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UK Incineration Overcapacity

The UK already has more incineration capacity existing and under construction than we will have genuinely residual waste to burn (especially if the Governments adopts its residual waste reduction targets). Even if incineration were the best way to deal with genuinely residual waste, then this does not justify new capacity.

Government Policy: Burn less, recycle more

  • The Environment Act is now law
  • England has a target to recycle 65% of municipal waste by 2035
  • UK Government is proposing to halve incineration and landfill by 2042, which they say would represent a recycling rate of around 70-75%
  • This could not only reduce the profits from incineration but could also be expected to free up existing capacity, as Councils will want to avoid the tax and therefore send less waste to incineration

‘Only six more’ EfWs needed in the UK

The latest UK Energy from Waste (EfW) Statistics – 2021 were published by specialist consultancy Tolvik in May 2022.


We are clearly in the latter stages of the development profile for EfW plants. [But] we estimate that only six more are needed if the UK wants to be a sensible market

Adrian Judge, Tolvik director, told MRW (Materials Recycling World)

The report notes that EfW data remains patchy in three areas: CO2 emissions, net calorific value and the application of the correct units in reporting the use of consumables. It says: “With the increased focus on carbon emissions, over time the first two metrics are likely to become increasingly important.”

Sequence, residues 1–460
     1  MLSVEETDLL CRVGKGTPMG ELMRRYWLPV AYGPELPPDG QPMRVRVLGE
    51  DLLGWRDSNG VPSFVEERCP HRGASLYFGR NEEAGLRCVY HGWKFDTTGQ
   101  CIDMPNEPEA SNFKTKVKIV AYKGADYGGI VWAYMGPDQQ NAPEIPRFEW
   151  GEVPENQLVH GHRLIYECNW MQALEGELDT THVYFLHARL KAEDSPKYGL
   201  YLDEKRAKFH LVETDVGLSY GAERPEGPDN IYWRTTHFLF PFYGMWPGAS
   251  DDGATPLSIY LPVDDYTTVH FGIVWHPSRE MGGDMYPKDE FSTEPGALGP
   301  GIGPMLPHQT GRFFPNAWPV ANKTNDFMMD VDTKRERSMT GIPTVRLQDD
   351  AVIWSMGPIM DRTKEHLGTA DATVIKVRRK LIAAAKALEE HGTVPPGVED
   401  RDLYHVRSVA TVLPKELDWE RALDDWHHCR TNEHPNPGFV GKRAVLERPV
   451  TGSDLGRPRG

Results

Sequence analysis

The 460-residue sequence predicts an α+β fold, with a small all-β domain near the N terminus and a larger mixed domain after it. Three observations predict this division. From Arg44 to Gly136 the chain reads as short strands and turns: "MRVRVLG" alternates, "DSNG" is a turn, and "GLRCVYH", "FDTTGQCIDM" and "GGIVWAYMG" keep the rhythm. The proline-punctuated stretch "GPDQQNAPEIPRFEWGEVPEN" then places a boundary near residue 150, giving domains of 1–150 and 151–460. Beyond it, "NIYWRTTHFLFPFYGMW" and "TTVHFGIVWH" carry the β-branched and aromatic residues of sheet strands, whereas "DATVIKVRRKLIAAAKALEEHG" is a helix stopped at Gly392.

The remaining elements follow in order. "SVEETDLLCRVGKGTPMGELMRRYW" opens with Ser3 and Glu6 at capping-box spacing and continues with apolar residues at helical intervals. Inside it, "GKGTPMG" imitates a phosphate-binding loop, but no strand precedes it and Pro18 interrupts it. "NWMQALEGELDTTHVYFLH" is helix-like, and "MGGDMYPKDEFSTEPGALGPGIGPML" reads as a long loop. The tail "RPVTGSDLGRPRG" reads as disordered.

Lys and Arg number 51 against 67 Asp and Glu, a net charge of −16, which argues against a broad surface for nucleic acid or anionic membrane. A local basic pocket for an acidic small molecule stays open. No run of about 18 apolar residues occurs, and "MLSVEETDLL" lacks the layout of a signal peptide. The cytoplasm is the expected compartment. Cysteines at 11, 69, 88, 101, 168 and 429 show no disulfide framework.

New UK Government Target

“halving the waste that ends up at landfill or incineration by 2042”

New, long-term environmental targets announced by the UK Government on 16 March 2022, are a cornerstone of the government’s Environment Act, which passed into law in November 2021. They will drive action by successive governments to protect and enhance our natural world.


As 2042 is within the operational lifetime of the proposed Horsham and other incinerators, this proposed target is highly relevant to the question of whether or not the capacity proposed is needed and its economic viability.

The Government makes clear on pages 28–30 of their ‘Consultation on Environmental Targets’ document that reducing the incineration of waste is desirable, stating: “Tackling residual waste reduces the environmental impacts of treatment, including air, soil, and water pollution, and unnecessary energy use. It is more sustainable to prevent waste completely and, where waste is unavoidable, to recycle it…The proposed target can drive both waste minimisation and recycling of unavoidable waste…”

The significance of this target can be clearly seen by comparing English waste incineration capacity (existing and under construction) with anticipated municipal waste arisings:

Halving residual waste by 2042 would reduce ‘black bag waste’ arisings to less than 15 million tonnes. There is already nearly 19 million tonnes of English incineration capacity that is either operational or under construction.

Source: UKWIN 18 March 2022

Incinerators proposed in Horsham and elsewhere require re-evaluation, in light of Government ambitions to reduce residual waste arisings to a level well below current levels of incineration capacity.

United Kingdom Without Incineration Network (UKWIN)

• Founded in 2007
• UK-wide network supporting local anti-incineration campaigns
• Currently working with around 50 local groups
• With our members, we helped prevent more than 100 incinerators
• Working to inform waste and resource policies
• Countering greenwash with fact-based evidence
• Maintain a website at https://ukwin.org.uk/

See Other Ni4H Posts

Environment Agency Issued Draft Documents for Public Comment by 26 June 2022 11.59pm

Is Incineration a Good Investment?

England – Waste Incineration Overcapacity!

Scotland – Good News!